COLUMBIA — Jade Hayes watches senior libero Priscilla Armendariz closely during practice. She can be spotted close to the edge of the court at the Hearnes Center, observing Armendariz as she softly bumps the ball to setter Molly Kreklow. Kreklow sets the ball and outside hitter Brittney Brimmage jumps for the spike. The process looks effortless.
Hayes, a freshman on the Missouri volleyball team, knows she could be the one setting it up; she's the libero-in-waiting and is learning the position from Armendariz, or "Pip" for short.
The libero anchors the back row and is the only player who can enter the game at any time.
Armendariz was in this same position last season when she took over for four-year starter Caitlyn Vann. She said she will give Hayes the same advice Vann gave her a year ago.
"Pretty much like just working your tail off. All-out with everything. You run that court," Armendariz said.
Armendariz and Hayes often sit next to each other in the Missouri locker room before a match. They both laugh about how their relationship got started. Armendariz had a high-school friend named Jade whom she always called Judy, so she decided to do the same thing with Hayes.
"It's hard hearing her (Hayes') name without wanting to call her Judy. She kind of likes it. It puts a smile on her face when she's down," Armendariz said.
Armendariz said the rest of the team does not know why she has that nickname for Hayes.
Although Hayes relies on Armendariz for guidance on the court, her faith is her source of strength. Hayes doesn't prepare for a match by listening to her favorite song or reading a cheesy romantic novel like some of her teammates. Instead, she reads passages from the Bible.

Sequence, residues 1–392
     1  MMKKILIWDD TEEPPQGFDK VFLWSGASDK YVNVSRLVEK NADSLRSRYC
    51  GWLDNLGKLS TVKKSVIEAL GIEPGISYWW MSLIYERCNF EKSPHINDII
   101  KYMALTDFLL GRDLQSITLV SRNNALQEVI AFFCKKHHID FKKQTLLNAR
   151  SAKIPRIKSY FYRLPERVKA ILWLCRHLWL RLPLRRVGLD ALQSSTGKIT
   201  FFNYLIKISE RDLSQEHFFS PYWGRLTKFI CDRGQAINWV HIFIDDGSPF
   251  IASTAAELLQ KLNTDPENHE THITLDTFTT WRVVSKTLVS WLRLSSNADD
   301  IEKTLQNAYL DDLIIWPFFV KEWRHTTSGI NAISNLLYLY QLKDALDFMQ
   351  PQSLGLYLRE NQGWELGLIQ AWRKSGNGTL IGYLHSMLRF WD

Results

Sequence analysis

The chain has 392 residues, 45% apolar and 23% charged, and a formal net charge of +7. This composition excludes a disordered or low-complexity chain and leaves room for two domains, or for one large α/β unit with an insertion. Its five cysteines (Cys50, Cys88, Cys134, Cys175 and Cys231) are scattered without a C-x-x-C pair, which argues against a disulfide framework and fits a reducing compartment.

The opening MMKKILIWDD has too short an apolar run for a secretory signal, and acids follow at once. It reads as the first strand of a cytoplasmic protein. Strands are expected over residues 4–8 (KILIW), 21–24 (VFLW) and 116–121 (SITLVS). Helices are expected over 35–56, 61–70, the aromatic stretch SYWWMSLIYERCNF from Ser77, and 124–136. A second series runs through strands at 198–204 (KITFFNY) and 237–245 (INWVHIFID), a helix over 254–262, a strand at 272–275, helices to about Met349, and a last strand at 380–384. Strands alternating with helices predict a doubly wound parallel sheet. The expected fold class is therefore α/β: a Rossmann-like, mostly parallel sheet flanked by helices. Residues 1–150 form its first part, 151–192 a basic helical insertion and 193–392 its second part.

"There's a lot of different verses in the Bible that have to do with athletics in some way," Hayes said. One of her favorites, Philippians 4:13, says, "I can do all things through Christ which strengthens me."
Hayes describes herself as a gym rat, but not everyone thought she would play volleyball, or any sport for that matter when she was younger. She said her parents envisioned their daughter as a cheerleader.
"Apparently, I was really girly," Hayes said.
Instead, Hayes got involved in gymnastics, swimming, basketball and volleyball in elementary school and high school. She said she chose volleyball over the rest of these sports because she loved how she is able to use all her athletic abilities, such as running and jumping.
Armendariz said young players struggle with having to boss older teammates when they are thrust into a leadership role like libero. She said that means that Hayes will have to find her voice.
"She's going to have to take over no matter how old anyone else is one the court," Armendariz said.
Hayes doesn't say much on the court, though. Sometimes she gets excited when a teammate spikes the ball. Most of the time, though, she stays mild-mannered. Hayes acknowledged she will have to be more vocal on the court, constantly talking and directing teammates from the back line.
"She definitely has the potential," Armendariz said. "It's just getting her personality to do it."